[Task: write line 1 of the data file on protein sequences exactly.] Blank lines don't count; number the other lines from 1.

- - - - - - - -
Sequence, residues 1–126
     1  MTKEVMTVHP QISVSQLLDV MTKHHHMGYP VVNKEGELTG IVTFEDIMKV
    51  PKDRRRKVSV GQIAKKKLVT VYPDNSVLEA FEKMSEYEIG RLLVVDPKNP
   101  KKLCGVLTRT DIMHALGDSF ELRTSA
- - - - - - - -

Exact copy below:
Sequence, residues 1–126